Nathan Fay was among the grape growers who heeded the advice of Davis scientists on the best varieties for California’s climate regions. He bought a ranch in the Napa Valley in 1953 and in 1961 he planted the first Cabernet Sauvignon vines in what became the Stags Leap District of the valley. At the time there were only 800 acres of Cabernet in the entire country and Fay’s seventy acres represented a major increase in U.S. production of the classic French varietal. Since Fay’s first planting, Cabernet Sauvignon has become the premier red varietal in the various appellations in the Napa Valley including Stags Leap and Oakville.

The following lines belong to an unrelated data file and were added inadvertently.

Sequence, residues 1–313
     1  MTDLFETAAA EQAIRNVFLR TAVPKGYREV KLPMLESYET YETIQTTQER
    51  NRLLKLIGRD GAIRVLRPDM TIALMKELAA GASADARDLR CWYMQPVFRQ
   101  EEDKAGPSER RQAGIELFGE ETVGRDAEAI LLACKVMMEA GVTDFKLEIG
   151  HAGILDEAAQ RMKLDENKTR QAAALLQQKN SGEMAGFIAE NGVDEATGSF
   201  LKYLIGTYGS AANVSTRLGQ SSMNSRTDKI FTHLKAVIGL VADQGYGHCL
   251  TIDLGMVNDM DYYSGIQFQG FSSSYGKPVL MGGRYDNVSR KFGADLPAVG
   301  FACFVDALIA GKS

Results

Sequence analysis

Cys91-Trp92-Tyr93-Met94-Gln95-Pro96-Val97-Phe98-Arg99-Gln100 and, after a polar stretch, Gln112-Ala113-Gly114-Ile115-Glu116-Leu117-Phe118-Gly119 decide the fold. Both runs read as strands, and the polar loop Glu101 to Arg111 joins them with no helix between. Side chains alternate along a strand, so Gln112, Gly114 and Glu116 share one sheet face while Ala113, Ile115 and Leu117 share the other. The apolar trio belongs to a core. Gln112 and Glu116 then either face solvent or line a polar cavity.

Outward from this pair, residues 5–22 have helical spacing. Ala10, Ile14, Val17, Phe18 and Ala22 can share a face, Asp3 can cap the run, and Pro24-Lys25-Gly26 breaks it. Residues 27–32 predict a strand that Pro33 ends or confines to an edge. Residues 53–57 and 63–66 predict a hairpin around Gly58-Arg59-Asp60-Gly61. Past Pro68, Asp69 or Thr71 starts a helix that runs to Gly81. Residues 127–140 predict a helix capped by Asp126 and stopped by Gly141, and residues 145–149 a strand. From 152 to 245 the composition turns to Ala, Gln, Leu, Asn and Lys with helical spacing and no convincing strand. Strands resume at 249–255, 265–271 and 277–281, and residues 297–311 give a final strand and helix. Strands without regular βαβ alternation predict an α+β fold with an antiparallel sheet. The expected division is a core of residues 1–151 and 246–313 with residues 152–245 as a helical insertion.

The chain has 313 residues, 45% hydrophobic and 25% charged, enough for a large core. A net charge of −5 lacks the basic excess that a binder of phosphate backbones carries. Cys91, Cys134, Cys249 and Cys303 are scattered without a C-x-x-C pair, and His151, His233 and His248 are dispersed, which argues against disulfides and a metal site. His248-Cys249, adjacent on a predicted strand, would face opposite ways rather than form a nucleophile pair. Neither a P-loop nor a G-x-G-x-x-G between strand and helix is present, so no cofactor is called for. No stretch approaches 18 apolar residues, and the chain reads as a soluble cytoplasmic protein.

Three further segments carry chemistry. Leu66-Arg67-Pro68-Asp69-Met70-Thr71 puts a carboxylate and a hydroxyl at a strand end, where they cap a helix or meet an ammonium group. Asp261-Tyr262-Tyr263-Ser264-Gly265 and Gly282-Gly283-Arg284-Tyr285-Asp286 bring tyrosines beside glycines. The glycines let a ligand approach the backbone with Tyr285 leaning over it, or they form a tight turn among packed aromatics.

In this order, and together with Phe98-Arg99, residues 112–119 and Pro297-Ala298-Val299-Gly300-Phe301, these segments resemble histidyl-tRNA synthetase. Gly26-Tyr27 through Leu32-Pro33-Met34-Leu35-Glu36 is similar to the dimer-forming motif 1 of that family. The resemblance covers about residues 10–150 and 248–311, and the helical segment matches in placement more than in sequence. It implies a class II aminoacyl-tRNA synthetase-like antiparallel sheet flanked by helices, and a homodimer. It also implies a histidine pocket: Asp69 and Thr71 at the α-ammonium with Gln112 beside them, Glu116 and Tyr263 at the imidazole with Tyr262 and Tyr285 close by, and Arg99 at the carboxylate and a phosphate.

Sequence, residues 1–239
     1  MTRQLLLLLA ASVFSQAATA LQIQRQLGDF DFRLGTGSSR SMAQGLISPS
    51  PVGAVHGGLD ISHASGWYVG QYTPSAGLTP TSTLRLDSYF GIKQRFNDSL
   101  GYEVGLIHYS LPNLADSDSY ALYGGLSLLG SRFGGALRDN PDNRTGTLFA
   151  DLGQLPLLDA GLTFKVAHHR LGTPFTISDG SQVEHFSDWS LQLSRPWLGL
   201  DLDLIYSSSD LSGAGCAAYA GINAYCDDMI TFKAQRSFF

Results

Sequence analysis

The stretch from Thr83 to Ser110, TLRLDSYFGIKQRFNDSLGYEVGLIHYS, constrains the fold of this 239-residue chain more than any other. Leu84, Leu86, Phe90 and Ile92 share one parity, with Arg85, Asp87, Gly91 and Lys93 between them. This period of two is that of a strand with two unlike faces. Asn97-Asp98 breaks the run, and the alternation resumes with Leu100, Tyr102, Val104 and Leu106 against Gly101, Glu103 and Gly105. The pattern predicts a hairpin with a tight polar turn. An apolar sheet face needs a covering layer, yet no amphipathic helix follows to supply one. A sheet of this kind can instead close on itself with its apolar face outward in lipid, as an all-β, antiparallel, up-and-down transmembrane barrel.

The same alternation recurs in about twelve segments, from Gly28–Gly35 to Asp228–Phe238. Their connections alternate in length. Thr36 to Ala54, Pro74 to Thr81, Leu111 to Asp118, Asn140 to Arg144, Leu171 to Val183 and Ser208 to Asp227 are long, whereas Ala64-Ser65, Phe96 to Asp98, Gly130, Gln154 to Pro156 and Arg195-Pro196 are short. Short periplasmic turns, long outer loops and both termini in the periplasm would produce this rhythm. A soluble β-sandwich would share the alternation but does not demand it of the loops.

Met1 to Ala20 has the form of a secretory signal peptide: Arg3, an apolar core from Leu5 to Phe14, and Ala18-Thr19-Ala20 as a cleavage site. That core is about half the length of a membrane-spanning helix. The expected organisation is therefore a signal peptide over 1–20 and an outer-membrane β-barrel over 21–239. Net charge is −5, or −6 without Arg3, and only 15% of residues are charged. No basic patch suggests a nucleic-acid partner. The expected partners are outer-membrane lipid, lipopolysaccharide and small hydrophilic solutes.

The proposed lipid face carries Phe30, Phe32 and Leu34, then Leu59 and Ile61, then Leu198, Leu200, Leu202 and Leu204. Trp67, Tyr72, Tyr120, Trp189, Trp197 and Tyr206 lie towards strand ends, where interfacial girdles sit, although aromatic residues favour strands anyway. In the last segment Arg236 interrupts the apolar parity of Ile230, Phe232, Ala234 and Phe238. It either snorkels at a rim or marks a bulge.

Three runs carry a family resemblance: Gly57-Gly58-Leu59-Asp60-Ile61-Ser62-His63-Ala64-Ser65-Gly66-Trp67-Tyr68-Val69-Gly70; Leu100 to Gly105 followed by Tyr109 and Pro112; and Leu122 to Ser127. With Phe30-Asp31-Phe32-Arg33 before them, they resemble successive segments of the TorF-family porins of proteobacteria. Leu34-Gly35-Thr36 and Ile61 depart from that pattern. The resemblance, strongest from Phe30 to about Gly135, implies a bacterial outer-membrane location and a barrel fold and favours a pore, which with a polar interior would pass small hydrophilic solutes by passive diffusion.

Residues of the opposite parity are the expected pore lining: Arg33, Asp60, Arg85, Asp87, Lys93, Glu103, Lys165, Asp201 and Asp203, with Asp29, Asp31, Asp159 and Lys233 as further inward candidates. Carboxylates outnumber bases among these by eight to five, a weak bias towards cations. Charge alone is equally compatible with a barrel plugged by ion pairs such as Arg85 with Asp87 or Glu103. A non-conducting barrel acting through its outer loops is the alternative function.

At the time I put my vineyard in  the University at Davis was encouraging the ranchers to put in the better varieties like Chardonnay and White Riesling and Cabernet and Pinot Noir . . . I didn’t know anything about viticulture and enology. . . . All I did was to do what the experts were telling me to do and it worked out very well.
—Nathan Fay, Napa Valley grape rancher, interviewed in 1997
“I tasted that wine and it began . . . “
In 1969 winemaker Warren Winiarski asked grape rancher Nathan Fay for advice on irrigation machinery. During that discussion, Fay poured a glass of his homemade Cabernet, and Winiarski was hooked. Learning that the thirty-five acres of land next to Fay’s ranch were for sale, he bought them to grow his own Cabernet. He replanted that land, naming it SLV for Stag’s Leap Vineyard.